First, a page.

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http://dx.doi.org/10.1016/j.ultras.2020.106243DOI Listing
February 2021

Differential effects of pre-exercise on cancer cachexia-induced muscle atrophy in fast- and slow-twitch muscles.

FASEB J 2020 11 5;34(11):14389-14406. Epub 2020 Sep 5.

Department of Geriatric Medicine, Osaka University Graduate School of Medicine, Osaka, Japan.

We hypothesized that pre-exercise may effectively prevent cancer cachexia-induced muscle atrophy in both fast- and slow-twitch muscle types. Additionally, the fast-twitch muscle may be more affected by cancer cachexia than slow-twitch muscle. This study aimed to evaluate the effects of pre-exercise on cancer cachexia-induced atrophy and on atrophy in fast- and slow-twitch muscles. Twelve male Wistar rats were randomly divided into sedentary and exercise groups, and another 24 rats were randomly divided into control, pre-exercise, cancer cachexia induced by intraperitoneal injections of ascites hepatoma AH130 cells, and pre-exercise plus cancer cachexia groups. We analyzed changes in muscle mass and in gene and protein expression levels of major regulators and indicators of muscle protein degradation and synthesis pathways, angiogenic factors, and mitochondrial function in both the plantaris and soleus muscles. Pre-exercise inhibited muscle mass loss, rescued protein synthesis, prevented capillary regression, and suppressed hypoxia in the plantaris and soleus muscles. Pre-exercise inhibited mitochondrial dysfunction differently in fast- and slow-twitch muscles. These results suggested that pre-exercise has the potential to inhibit cancer-cachexia-induced muscle atrophy in both fast- and slow-twitch muscles. Furthermore, the different progressions of cancer-cachexia-induced muscle atrophy in fast- and slow-twitch muscles are related to differences in mitochondrial function.
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http://dx.doi.org/10.1096/fj.202001330RDOI Listing
November 2020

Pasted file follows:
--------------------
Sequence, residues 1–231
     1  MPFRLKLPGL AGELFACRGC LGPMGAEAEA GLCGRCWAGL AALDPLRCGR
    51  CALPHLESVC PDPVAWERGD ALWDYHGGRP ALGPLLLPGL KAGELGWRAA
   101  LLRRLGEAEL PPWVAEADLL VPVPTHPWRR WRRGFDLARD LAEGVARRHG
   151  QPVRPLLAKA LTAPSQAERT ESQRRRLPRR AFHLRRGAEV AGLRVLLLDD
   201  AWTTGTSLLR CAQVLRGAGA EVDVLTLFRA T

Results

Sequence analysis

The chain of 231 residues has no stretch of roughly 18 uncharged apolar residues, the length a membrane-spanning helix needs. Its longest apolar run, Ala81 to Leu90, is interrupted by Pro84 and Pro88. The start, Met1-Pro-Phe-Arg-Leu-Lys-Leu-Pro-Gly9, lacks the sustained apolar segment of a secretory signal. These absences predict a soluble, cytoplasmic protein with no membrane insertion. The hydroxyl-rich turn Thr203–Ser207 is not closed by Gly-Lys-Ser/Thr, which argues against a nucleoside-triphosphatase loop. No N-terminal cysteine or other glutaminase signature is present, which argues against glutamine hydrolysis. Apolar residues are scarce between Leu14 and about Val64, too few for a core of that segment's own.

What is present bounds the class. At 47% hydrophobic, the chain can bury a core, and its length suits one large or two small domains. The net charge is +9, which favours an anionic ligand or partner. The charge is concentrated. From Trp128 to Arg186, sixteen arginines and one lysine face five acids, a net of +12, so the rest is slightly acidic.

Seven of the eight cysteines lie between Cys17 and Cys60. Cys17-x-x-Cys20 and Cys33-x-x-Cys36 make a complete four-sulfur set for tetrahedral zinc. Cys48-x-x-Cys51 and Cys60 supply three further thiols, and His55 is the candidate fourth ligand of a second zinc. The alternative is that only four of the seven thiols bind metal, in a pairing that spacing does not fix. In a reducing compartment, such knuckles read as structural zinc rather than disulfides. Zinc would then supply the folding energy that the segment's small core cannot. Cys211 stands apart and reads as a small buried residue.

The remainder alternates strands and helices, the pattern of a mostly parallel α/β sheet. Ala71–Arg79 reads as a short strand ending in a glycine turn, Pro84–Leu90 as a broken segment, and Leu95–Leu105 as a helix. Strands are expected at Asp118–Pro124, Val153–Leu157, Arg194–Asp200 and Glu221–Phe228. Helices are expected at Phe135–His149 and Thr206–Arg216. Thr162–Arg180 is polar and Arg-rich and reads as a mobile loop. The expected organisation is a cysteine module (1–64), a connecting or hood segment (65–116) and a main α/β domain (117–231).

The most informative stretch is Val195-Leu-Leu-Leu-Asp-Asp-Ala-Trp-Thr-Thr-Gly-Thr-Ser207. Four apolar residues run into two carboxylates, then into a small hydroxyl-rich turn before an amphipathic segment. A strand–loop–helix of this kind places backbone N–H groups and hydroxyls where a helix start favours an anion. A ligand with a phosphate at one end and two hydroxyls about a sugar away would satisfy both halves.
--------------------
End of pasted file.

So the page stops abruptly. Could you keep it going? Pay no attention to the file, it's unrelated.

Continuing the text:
Preventive effects of medium-chain triglycerides supplementation on the oxidative capacity in skeletal muscle under cachectic condition.

Biomed Res 2020 ;41(4):179-186

Department of Rehabilitation Science, Kobe University Graduate School of Health Sciences.

Cachexia is a multifactorial condition characterized by muscle mass loss and induces metabolic dysfunction of the skeletal muscles. The preventive effects of medium-chain triglycerides (MCT) supplementation on the oxidative capacity in skeletal muscle under cachectic condition were investigated in the present study. ICR mice were randomly divided into four groups; control, lipopolysaccharide (LPS), LPS plus long-chain triglycerides (LCT) and LPS plus MCT supplementation. LCT and MCT oil were administered to the LPS + LCT and LPS + MCT groups orally (5.0 g/kg body weight/day) by a catheter for one week. Cachexia was induced in the LPS, LPS + LCT, and LPS + MCT groups via LPS injection (7.5 mg/kg body weight, i.p.) after the supplementation. LPS induced a reduction of ketone bodies concentration in blood plasma. LPS also induced a decrease in succinate dehydrogenase activity and PGC-1α expression level in tibialis anterior muscles. Meanwhile, MCT supplementation suppressed a decrease in ketone bodies concentration and succinate dehydrogenase activity. In addition, MCT supplementation increased the level of citrate synthase activity in the muscles. These results suggested the preventive effect of MCT supplementation on oxidative capacity in skeletal muscle and the involvements of ketone bodies regulation under cachectic condition.
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http://dx.doi.org/10.2220/biomedres.41.179DOI Listing
January 2020

Acute effects of lactic acid-fermented and enzyme-digested soybean on protein synthesis via mTOR signaling in the skeletal muscle.